Education plays a key role in lifelong memory performance and risk for dementia, and it's well documented that those with a college degree possess a cognitive advantage over their less educated counterparts in middle and old age. But if you didn't attend college there's still a way to retain your memory, and it'll probably cost you a lot less than a degree. A large national study published in the American Journal of Geriatric Psychiatry shows that people with less schooling can significantly compensate for poorer education by frequently engaging in mental exercises such as word games, puzzles, reading, and lectures.
The study assessed 3,343 men and women between the ages of 32 and 84 with a mean age of 56 years. Almost 40 percent of the participants had at least a 4-year college degree. The researchers evaluated how the participants performed in two cognitive areas, verbal memory and executive function—brain processes involved in planning, abstract thinking and cognitive flexibility. Participants were given a battery of tests, including tests of verbal fluency, word recall, and backward counting.
As expected those with higher education said they engaged in cognitive activities more often and also did better on the memory tests, but some with lower education also did well, explained Lachman.
"The findings are promising because they suggest there may be ways to level the playing field for those with lower educational achievement, and protect those at greatest risk for memory declines," said Lachman. "Although we can not rule out the possibility that those who have better memories are the ones who take on more activities, the evidence is consistent with cognitive plasticity, and suggests some degree of personal control over cognitive functioning in adulthood by adopting an intellectually active lifestyle."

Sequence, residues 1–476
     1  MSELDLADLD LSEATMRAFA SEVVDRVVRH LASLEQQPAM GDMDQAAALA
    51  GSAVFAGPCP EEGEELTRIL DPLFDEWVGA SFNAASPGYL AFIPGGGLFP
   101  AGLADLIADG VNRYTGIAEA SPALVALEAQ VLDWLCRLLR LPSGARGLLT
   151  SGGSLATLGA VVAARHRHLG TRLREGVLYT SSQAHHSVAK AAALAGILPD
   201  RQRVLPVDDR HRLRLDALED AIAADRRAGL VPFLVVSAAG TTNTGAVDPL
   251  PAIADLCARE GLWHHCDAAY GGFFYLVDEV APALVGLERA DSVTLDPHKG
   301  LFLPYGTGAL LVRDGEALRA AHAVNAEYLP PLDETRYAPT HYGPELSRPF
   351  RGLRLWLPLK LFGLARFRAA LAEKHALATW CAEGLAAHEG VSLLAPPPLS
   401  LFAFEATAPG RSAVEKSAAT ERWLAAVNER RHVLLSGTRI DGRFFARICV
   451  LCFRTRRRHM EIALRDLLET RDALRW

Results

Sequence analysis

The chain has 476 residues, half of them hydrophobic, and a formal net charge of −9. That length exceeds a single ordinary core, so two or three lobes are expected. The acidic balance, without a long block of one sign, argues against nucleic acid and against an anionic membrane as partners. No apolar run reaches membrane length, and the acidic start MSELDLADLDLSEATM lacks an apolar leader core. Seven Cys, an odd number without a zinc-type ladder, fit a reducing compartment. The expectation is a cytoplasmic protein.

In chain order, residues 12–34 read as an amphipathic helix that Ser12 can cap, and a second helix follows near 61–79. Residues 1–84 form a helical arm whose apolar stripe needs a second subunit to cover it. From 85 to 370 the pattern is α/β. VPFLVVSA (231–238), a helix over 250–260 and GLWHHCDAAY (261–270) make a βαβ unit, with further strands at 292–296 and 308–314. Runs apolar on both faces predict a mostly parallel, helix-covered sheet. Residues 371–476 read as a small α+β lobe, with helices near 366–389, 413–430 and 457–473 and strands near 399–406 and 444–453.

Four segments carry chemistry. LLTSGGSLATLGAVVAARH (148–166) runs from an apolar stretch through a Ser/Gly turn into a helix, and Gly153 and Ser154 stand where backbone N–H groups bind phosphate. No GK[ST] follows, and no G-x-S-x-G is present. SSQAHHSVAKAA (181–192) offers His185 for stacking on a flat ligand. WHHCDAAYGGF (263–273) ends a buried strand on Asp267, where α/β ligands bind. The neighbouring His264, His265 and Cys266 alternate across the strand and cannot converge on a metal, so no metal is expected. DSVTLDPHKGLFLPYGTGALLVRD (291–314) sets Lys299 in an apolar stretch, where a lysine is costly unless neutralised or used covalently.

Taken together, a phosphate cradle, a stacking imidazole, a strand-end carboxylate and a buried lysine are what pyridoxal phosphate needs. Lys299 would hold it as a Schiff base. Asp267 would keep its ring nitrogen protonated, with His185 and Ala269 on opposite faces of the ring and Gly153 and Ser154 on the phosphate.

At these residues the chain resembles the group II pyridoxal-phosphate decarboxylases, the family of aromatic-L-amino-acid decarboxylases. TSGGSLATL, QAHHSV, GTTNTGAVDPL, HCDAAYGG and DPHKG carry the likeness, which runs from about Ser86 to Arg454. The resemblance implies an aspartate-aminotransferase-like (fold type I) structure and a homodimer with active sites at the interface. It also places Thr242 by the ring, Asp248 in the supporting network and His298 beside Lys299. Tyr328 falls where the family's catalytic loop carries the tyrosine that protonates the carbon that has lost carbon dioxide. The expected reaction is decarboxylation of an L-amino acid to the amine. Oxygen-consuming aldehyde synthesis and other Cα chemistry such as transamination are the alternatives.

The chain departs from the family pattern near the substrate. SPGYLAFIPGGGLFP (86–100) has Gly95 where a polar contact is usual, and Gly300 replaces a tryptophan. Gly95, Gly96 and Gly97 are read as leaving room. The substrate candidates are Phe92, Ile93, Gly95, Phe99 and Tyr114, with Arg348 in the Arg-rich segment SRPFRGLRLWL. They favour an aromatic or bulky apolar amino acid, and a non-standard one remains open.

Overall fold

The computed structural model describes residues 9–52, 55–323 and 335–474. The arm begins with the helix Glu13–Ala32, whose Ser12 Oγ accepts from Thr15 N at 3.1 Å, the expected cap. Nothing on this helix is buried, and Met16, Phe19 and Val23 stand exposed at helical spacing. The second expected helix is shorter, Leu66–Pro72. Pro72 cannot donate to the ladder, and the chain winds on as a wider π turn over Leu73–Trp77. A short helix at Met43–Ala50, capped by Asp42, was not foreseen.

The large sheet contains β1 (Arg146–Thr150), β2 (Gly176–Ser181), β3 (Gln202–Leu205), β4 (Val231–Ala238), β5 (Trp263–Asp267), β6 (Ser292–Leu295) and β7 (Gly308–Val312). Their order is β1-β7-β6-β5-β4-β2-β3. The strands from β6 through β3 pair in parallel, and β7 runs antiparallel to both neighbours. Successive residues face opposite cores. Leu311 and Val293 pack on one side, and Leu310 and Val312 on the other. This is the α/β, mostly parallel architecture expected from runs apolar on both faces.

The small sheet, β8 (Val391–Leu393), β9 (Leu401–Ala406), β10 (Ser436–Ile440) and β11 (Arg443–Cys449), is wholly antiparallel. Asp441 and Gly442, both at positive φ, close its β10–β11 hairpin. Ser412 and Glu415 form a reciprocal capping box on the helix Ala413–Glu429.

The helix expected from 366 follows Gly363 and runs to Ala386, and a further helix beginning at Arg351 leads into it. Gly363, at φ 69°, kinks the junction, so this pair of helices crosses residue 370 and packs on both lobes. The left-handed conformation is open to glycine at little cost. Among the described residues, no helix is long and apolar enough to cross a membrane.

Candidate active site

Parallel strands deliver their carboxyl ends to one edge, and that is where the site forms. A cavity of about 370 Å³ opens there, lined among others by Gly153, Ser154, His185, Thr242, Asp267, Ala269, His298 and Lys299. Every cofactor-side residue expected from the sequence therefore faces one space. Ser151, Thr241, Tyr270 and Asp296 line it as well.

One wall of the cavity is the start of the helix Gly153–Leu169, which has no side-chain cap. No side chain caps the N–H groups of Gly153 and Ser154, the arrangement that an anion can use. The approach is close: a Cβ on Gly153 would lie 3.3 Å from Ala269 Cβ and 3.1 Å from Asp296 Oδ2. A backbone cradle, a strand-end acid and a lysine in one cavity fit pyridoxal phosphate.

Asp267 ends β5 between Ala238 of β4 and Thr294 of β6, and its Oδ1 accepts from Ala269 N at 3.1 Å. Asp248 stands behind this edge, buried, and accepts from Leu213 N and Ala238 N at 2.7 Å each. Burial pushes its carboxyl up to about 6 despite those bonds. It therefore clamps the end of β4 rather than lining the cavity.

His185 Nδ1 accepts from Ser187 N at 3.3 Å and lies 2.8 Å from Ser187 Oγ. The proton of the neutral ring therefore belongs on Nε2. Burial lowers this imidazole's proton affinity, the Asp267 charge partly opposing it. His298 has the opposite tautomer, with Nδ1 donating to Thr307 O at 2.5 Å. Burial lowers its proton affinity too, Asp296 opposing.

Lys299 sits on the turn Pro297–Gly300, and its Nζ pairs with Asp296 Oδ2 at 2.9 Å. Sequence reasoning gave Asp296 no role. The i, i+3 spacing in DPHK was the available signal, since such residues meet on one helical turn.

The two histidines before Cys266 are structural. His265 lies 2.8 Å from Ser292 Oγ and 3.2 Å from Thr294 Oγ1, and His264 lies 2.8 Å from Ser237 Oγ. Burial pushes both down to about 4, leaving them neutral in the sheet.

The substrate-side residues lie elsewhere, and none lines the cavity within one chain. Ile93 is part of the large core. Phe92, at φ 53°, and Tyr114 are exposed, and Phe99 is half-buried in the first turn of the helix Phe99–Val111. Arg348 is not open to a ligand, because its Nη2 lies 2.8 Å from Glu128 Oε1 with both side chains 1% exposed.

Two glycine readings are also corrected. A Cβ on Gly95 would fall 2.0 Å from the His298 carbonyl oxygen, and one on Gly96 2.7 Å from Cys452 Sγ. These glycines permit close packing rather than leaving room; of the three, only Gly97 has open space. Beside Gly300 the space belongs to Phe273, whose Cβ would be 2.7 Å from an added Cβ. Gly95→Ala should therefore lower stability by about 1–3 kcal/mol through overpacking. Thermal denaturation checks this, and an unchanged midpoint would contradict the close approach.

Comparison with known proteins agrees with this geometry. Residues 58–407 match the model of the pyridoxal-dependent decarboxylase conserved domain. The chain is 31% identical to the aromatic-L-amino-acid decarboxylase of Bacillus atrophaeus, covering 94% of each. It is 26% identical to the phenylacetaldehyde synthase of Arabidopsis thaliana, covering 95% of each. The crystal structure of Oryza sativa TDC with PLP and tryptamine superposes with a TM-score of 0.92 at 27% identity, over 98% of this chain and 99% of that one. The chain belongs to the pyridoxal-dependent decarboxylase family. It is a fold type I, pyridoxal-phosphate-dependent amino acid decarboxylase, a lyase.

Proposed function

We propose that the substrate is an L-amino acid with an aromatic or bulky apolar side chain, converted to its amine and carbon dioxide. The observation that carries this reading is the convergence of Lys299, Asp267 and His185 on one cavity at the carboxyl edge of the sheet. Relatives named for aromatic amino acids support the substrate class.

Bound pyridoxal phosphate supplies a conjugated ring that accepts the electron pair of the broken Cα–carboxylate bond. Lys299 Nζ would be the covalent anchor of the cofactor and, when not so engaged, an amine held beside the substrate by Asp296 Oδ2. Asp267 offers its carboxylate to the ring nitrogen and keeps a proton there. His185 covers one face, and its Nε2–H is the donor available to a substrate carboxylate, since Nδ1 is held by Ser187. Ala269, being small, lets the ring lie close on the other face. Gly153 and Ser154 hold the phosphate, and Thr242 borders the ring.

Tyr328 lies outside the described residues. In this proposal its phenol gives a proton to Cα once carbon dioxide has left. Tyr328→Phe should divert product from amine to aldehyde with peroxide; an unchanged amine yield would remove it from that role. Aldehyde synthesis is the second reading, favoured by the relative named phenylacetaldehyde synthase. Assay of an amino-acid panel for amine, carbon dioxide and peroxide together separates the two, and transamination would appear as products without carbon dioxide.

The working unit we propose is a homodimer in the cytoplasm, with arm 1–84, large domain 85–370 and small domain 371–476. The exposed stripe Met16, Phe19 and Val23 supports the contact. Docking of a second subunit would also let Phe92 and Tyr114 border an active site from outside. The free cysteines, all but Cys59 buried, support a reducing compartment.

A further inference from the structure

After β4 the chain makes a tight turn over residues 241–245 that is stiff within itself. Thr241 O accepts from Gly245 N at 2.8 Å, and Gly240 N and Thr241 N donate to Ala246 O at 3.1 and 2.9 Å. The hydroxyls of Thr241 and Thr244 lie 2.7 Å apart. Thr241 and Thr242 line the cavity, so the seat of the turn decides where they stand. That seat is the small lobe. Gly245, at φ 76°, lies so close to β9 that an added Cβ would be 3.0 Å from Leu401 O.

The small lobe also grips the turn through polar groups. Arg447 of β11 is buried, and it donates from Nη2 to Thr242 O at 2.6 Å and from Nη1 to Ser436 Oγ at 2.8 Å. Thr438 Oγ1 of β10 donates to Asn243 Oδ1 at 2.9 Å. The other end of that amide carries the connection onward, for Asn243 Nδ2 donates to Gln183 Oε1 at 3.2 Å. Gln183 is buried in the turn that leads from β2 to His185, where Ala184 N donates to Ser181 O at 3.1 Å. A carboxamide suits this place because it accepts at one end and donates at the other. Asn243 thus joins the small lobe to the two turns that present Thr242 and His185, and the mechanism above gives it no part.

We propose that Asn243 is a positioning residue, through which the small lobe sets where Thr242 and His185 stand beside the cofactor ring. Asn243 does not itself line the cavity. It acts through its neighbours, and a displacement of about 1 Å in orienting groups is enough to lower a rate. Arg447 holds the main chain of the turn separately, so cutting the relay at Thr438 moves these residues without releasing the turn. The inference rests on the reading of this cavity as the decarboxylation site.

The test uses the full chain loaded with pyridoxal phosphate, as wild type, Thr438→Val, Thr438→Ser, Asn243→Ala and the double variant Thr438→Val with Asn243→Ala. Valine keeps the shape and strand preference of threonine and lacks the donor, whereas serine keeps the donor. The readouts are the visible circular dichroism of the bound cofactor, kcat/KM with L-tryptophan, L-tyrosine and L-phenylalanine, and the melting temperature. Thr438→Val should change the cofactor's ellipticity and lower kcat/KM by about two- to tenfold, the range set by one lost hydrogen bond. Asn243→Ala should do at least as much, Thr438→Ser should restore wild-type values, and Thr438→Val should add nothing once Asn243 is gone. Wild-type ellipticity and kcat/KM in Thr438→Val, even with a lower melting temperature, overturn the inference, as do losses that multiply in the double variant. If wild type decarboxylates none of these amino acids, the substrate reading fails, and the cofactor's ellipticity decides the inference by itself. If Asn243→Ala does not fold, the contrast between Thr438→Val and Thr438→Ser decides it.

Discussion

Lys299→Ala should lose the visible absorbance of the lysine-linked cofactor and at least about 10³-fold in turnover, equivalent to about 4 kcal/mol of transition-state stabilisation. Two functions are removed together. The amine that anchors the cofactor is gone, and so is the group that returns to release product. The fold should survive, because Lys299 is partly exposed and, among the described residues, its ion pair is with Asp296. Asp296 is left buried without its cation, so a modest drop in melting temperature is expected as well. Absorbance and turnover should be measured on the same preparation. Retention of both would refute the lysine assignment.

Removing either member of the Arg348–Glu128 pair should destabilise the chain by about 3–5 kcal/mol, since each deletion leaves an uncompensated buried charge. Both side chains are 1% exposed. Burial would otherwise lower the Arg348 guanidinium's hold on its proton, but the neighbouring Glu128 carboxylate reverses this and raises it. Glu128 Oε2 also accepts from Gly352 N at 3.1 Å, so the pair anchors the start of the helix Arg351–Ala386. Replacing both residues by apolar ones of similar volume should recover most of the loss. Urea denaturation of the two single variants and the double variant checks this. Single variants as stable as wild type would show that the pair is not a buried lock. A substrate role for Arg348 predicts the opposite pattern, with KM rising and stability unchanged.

Citation: Margie E. Lachman, Stefan Agrigoroaei, Chandra Murphy, Patricia A Tun, '
Frequent Cognitive Activity Compensates for Education Differences in Episodic Memory', American Journal of Geriatric Psych., January 2010, 18(1):4-10; doi: 10.1097/JGP.0b013e3181ab8b62
- PHYSICAL SCIENCES
- EARTH SCIENCES
- LIFE SCIENCES
- SOCIAL SCIENCES
Subscribe to the newsletter
Stay in touch with the scientific world!
Know Science And Want To Write?
- Science Left Behind: The Anti-Vaccine Update Update
- Moderate Pot Use By Adolescents Doesn't Hurt IQ
- What Americans Fear Most Isn't Ebola Or Terrorism, It's...
- Finding Fracking Fluids In The Environment
- Ashes And Vegetables: The Diet Of Roman Gladiators Was Rather Poor
- Manly Men And Feminine Women Are Not Evolutionary Mandates - They Are Urban Ones
- Dopamine Receptor Agonist Drugs Linked To Gambling And Hypersexuality
- "After reading the article through three times, I have decided that in fact I agree with you, and..."
- "God, where does the energy come from to drive the never ending comments for this article? I suppose..."
- "http://www.cdc.gov/vaccinesafety/vaccines/HPV/index.html says no interesting difference in side..."
- "This article supports the idea that I state as follows: Nobody chooses their religion or world..."
- "Not mine, many post anon cuz if you block by IP you'll surely block by name. BTW I've posted all..."
- An end to fat shaming? The 50 year DNA mystery of metabolic dysfunction may soon be solved
- Egg freezing: a smart career move?
- Despite resistance, China will dominate future of GMOs
- Should Science and Nature run advertorial by wacky Dr. Bronner’s that misleads on GMOs?
- Jack the Ripper’s identity remains a mystery after error in DNA analysis revealed
- Seed patent primer: Is the use of GMOs preventing farmers from reusing their seeds?
- Osteoporosis screening guidelines miss many younger post-menopausal women
- New treatment resolves a hazardous airway complication in child with heart disease
- Bogus recycling bins help identify drinking patterns among low-income seniors
- Understanding drinking behaviors among women with unwanted pregnancies
- Bar attendance supports heavy drinking by young adults in the US-Mexico border region